Astronomers probe origin of Planet 9

September 14, 2017
How do we know there’s a Planet 9?
Artist’s impression of Planet Nine, blocking out the Milky Way. The Sun is in the distance, with the orbit of Neptune shown as a ring. Credit: ESO/Tomruen/nagualdesign

Astronomers at the University of Sheffield have shown that 'Planet 9' – an unseen planet on the edge of our solar system – probably formed closer to home than previously thought.

A team led by Dr Richard Parker from the University of Sheffield's Department of Physics and Astronomy has found that Planet 9 is 'unlikely' to have been captured from another planetary system, as has previously been suggested, and must have formed around the sun.

The outskirts of the solar system have always been something of an enigma, with astronomers in the late 19th and early 20th centuries searching for a giant planet that wasn't there, and the subsequent discovery of Pluto in 1930.

Pluto was downgraded in status to a 'dwarf planet' because astronomers discovered many other small objects – so-called Edgeworth-Kuiper Belt objects – at similar distances from the sun.

In 2016 astronomers working in the USA postulated the presence of 'Planet 9' to explain the strange orbital properties of some Edgeworth-Kuiper Belt objects.

But while it isn't possible to directly observe Planet 9, it hasn't stopped theorists from trying to work out how it got there.

Planet 9 is at least 10 times bigger than Earth, making it unlikely that it formed at such a large distance from the sun. Instead, it has been suggested it either moved there from the inner regions of the solar system, or it could have been captured when the sun was still in its birth star cluster.

But a team, led by Dr Parker with colleagues from ETH Zurich, has shown that the capture scenario is extremely unlikely.

Researchers simulated the sun's stellar nursery where interactions are common and found that even in conditions optimised to capture free-floating planets, only five-to-10 out of 10,000 planets are captured onto an orbit like Planet 9's.

Dr Parker said: "We know that form at the same time as , and when stars are very young they are usually found in groups where interactions between stellar siblings are common. Therefore, the environment where stars form directly affects planetary systems like our own, and is usually so densely populated that stars can capture other stars or planets.

"In this work, we have shown that - although capture is common - ensnaring onto the postulated orbit of Planet 9 is very improbable. We're not ruling out the idea of Planet 9, but instead we're saying that it must have formed around the sun, rather than captured from another planetary system."

The study was published in Monthly Notices of the Royal Astronomical Society.

Explore further: Theft behind Planet 9 in our solar system

More information: Was Planet 9 captured in the Sun's natal star-forming region? arXiv:1709.00418 [astro-ph.EP] arxiv.org/abs/1709.00418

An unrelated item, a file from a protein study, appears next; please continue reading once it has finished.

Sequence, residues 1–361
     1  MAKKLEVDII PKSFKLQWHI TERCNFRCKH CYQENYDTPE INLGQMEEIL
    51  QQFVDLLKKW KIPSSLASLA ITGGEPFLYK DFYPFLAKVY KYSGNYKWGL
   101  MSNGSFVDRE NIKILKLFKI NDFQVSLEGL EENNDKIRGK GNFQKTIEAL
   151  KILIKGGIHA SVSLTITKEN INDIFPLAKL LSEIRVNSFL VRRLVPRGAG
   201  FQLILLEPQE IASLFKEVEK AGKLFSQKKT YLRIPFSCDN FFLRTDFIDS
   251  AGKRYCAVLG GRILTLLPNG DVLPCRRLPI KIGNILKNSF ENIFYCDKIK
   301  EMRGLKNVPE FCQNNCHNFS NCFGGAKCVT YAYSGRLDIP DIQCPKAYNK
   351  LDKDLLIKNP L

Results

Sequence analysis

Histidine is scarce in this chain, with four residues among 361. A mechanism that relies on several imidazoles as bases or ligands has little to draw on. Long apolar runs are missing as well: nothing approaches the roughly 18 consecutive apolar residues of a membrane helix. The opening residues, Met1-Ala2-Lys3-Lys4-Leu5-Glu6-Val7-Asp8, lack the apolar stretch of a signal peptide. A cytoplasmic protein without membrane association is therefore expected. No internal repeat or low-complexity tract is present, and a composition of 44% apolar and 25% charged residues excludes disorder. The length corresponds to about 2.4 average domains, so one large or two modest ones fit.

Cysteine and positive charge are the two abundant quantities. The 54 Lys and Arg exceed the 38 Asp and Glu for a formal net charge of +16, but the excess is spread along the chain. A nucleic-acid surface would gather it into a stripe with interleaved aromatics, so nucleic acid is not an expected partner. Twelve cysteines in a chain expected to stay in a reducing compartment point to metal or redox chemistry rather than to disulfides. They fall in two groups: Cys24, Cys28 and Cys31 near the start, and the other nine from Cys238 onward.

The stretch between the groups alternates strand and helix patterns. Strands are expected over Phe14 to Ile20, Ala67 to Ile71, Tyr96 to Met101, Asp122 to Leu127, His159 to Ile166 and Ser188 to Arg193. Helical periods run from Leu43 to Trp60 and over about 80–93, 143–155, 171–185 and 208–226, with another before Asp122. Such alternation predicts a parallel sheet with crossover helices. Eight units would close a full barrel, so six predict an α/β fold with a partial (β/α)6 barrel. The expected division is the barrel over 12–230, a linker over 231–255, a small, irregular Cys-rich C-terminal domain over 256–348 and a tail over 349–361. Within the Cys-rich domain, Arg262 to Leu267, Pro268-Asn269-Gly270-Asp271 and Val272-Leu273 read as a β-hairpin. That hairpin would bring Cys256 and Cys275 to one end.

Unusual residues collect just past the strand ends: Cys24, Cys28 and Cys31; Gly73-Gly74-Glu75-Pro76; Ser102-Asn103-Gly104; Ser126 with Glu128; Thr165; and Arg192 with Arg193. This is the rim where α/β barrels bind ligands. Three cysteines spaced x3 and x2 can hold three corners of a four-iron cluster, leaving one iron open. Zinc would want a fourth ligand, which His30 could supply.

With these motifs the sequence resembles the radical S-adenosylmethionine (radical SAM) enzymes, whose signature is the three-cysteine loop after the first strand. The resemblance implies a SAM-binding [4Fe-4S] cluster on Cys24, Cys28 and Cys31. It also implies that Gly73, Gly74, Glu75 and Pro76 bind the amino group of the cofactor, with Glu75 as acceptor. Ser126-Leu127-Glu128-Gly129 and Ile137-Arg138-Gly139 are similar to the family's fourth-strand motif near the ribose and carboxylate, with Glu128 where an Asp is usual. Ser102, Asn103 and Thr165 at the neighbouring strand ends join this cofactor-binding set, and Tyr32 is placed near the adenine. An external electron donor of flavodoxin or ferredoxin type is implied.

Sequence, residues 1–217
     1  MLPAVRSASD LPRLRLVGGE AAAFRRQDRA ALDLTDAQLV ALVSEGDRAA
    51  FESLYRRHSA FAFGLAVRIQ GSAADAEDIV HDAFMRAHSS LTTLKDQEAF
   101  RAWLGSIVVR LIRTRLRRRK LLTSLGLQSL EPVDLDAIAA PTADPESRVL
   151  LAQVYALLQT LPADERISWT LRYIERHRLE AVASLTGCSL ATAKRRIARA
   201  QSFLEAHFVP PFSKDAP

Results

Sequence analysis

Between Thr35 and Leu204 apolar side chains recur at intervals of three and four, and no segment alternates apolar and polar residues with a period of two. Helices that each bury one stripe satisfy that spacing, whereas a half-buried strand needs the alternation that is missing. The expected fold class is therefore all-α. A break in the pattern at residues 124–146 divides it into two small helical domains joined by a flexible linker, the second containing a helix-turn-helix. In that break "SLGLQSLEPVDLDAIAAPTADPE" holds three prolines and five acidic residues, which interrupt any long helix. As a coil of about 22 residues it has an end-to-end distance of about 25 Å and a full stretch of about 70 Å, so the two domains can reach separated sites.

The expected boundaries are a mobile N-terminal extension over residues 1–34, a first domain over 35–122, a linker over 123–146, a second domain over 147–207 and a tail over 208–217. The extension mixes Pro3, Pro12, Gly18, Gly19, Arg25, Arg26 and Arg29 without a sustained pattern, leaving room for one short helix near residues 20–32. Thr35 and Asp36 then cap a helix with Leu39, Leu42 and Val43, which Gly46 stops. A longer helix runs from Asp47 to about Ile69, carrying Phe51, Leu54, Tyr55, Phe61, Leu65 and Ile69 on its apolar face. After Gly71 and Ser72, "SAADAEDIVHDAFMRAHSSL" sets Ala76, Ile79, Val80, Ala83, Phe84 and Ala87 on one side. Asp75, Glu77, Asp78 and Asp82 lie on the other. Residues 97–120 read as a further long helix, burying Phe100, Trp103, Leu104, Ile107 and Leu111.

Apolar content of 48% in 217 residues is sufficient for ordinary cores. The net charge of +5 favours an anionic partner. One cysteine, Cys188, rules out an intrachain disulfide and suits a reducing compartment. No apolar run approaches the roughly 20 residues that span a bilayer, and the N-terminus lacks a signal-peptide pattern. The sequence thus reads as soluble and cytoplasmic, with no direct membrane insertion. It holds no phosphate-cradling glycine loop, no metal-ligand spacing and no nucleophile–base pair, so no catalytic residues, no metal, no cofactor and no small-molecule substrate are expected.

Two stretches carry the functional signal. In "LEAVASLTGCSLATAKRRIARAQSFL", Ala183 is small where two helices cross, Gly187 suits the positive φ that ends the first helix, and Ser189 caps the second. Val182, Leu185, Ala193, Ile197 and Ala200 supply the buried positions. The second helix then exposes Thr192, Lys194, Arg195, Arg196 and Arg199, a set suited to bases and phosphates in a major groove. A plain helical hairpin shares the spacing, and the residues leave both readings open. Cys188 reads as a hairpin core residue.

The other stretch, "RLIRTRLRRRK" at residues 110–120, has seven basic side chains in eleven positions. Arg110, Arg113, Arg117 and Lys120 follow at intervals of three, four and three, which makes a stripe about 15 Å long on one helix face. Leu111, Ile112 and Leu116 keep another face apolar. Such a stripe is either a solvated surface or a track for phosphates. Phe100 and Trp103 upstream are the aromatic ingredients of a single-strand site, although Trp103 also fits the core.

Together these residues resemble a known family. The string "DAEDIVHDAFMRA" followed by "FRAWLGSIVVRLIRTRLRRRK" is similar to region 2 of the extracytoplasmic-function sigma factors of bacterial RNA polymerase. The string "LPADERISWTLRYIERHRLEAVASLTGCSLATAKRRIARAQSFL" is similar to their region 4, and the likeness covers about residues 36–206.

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maholmes1
3.6 / 5 (8) Sep 14, 2017
As far as I know, this "planet" is still hypothetical. It hasn't been observed. And it should be called Planet X, not Planet 9. There's already a Planet 9. Depending on whether you adhere to a simple geophysical definition of planet or add a 2000-kilometer minimum diameter to it, Planet 9 is either Neptune or Pluto.

Also, no other object as big as Pluto (1471 miles in diameter) or the very slightly smaller Eris (1445 miles in diameter) has yet been discovered in the Kuiper Belt. They're both bigger than the next largest object that is geophysically a planet, Makemake (approximately 890 miles in diameter), by far.
thomasw2
1 / 5 (6) Sep 15, 2017
so why not send a probe around the sun to the otherside and have a look
antialias_physorg
4.3 / 5 (6) Sep 15, 2017
so why not send a probe around the sun to the otherside and have a look

I don't know if you've heard this, but space is rather big.
Maggnus
5 / 5 (6) Sep 15, 2017
so why not send a probe around the sun to the otherside and have a look

I don't know if you've heard this, but space is rather big.


And, we are on the other side every 6 months.....
Captain Stumpy
5 / 5 (5) Sep 15, 2017
so why not send a probe around the sun to the otherside and have a look
erm...

or just wait till March?
laurele
1.8 / 5 (5) Sep 15, 2017
Please refer to this hypothetical world with the traditional term used for suspected but undiscovered planets, which is Planet X (with X referring to the unknown, not to the number 10). If this object exists, it is NOT the solar system's ninth planet. Pluto's downgrade remains a matter of controversy and debate and should be not be depicted as fact, as many scientists prefer a geophysical planet definition that includes all worlds large enough to be rounded by their own gravity. With this definition, the solar system already has more than nine planets, as dwarf planets are planets too. They are a subclass of planets. That means we have a minimum of 13 planets already, so this one would at minimum be Planet 14.
Maggnus
3.7 / 5 (9) Sep 15, 2017